“[I was part of] the Women's Forum, when Millie started to get active in committees on behalf of women at MIT. She was just starting to "evolve her consciousness" in that she was at first actually quite intolerant of women who needed even small concessions to the needs of small children. After all, she was a woman who was known for taking off no more than a couple of days of work after each of her babies was born. However, I saw her change her opinions as she began to recall incidents …that she'd previously managed to ignore. I think that that sort of blindness had served a useful purpose for her in the first part of her career when there must have been many, many obstacles.
“Millie became an extraordinary voice for women, and I feel privileged that I had a chance to know her. She'll certainly be missed.” SUNY Professor Susan Udin ’69, PhD ‘75
“I felt greatly honored to be co-chair with Millie on the committee charged by the Institute in 1972 to explore — and improve — the role of women at MIT. Millie was deeply committed to MIT’s women. On the committee, she asked hard questions; had a clarity of purpose and vision; and with a twinkle in her eye, was also quick witted, incisive and always approachable. But perhaps what I most remember about her was who she was as a person — a brilliant, caring and confident woman who had created a life for herself built on her passions, for her career and for her husband and family. She embodied life’s possibilities for us with grace and ease — emboldening us to reach for the best within ourselves and to do so not because we, as women in science and engineering, were “special” or “different,” but because we were equals in all realms of life.” Dr. Paula Stone ‘72, PhD ‘77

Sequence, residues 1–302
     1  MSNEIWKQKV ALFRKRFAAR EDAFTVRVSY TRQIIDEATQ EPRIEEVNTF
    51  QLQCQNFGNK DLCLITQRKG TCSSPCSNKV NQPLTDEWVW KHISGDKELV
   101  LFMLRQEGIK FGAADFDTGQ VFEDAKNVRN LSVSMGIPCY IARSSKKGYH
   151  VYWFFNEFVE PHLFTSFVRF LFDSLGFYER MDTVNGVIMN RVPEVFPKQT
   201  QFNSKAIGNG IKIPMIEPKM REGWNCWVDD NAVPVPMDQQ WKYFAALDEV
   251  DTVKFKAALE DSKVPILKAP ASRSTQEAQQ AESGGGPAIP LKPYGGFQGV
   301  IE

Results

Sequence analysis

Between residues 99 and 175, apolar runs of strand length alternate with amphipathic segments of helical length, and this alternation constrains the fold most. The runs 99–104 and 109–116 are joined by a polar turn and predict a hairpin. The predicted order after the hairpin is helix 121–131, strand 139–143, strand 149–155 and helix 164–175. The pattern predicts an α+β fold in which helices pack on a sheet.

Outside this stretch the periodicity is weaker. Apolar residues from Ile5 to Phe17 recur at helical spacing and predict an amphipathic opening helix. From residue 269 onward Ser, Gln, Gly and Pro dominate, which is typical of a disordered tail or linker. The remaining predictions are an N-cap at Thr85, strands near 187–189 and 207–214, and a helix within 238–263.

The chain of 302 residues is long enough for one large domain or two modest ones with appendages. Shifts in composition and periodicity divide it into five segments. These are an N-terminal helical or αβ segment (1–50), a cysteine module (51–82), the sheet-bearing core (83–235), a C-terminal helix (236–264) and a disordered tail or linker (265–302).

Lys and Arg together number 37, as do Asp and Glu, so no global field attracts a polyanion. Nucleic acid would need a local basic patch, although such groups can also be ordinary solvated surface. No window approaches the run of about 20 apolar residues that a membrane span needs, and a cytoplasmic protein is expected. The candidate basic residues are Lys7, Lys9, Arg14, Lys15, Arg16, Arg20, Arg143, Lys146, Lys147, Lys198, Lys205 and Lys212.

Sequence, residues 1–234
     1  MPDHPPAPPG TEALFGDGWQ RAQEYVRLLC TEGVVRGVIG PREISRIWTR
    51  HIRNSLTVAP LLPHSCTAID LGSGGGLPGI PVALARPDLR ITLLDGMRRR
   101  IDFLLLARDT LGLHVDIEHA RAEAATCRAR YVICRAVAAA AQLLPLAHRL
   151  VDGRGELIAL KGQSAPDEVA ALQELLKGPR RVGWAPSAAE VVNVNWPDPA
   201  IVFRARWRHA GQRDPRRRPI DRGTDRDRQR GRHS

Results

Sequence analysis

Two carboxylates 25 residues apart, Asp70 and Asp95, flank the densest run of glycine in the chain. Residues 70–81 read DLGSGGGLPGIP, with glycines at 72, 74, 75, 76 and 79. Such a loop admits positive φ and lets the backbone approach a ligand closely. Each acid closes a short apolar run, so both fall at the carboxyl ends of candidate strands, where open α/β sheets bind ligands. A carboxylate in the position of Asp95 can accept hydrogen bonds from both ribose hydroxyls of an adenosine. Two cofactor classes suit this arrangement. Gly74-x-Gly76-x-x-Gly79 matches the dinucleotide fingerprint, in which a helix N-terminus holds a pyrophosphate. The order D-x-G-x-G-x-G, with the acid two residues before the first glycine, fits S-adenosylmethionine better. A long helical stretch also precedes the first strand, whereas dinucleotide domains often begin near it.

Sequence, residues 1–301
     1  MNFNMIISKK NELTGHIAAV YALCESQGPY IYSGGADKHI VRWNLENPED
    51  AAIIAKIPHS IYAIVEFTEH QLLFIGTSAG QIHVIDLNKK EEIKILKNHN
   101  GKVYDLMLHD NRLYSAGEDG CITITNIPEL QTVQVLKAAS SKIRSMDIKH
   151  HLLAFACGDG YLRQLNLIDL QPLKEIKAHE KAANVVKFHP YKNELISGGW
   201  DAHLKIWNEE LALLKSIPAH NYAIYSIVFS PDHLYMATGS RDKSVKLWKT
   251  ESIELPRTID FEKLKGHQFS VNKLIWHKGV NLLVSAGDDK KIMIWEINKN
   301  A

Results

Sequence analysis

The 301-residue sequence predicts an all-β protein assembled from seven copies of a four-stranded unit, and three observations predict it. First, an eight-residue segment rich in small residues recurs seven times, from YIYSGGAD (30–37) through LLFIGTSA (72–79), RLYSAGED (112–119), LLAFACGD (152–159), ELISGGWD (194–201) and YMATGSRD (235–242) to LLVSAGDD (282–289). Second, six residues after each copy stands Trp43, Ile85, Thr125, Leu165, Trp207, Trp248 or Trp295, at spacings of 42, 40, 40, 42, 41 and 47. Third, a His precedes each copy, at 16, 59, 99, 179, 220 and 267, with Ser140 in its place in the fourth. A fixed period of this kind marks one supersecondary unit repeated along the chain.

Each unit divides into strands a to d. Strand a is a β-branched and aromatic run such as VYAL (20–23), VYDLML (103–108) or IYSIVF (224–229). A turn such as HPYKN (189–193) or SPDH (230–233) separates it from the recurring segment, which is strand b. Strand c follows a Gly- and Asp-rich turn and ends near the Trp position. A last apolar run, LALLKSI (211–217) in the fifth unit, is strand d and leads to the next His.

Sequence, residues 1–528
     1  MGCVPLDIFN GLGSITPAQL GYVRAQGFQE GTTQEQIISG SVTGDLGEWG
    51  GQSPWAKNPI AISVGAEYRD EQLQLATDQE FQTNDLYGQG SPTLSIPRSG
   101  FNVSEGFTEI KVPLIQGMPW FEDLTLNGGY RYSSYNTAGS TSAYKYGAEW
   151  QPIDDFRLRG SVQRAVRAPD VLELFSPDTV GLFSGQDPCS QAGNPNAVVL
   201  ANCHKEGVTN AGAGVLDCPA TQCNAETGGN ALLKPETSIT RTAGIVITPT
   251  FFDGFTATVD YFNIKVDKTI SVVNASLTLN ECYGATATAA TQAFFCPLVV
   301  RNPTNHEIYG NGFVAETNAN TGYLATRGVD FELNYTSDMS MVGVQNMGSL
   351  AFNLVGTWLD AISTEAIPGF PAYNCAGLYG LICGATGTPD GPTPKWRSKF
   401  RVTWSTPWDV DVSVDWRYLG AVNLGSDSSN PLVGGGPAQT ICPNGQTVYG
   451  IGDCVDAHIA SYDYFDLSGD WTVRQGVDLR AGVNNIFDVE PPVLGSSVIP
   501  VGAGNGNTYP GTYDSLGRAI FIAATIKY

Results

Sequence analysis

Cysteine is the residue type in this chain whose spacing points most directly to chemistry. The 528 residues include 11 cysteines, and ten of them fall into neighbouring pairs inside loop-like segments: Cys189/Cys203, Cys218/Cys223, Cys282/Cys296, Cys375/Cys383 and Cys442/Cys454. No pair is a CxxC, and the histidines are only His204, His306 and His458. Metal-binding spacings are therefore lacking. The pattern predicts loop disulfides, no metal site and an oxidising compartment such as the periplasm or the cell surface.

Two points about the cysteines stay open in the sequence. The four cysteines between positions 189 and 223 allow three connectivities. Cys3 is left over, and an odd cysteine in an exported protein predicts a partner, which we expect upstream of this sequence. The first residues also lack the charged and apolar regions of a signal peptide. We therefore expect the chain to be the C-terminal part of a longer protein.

The climate for MIT women in academics, housing, athletics, family policies, health, and admissions was not easy to change. Women students and the Admissions Office produced two special booklets for applicants.
Millie and Sheila Widnall developed a course “What is Engineering” to explain the profession to women students. Hundreds attended. Enrollment of women and minorities in the School of Engineering increased significantly.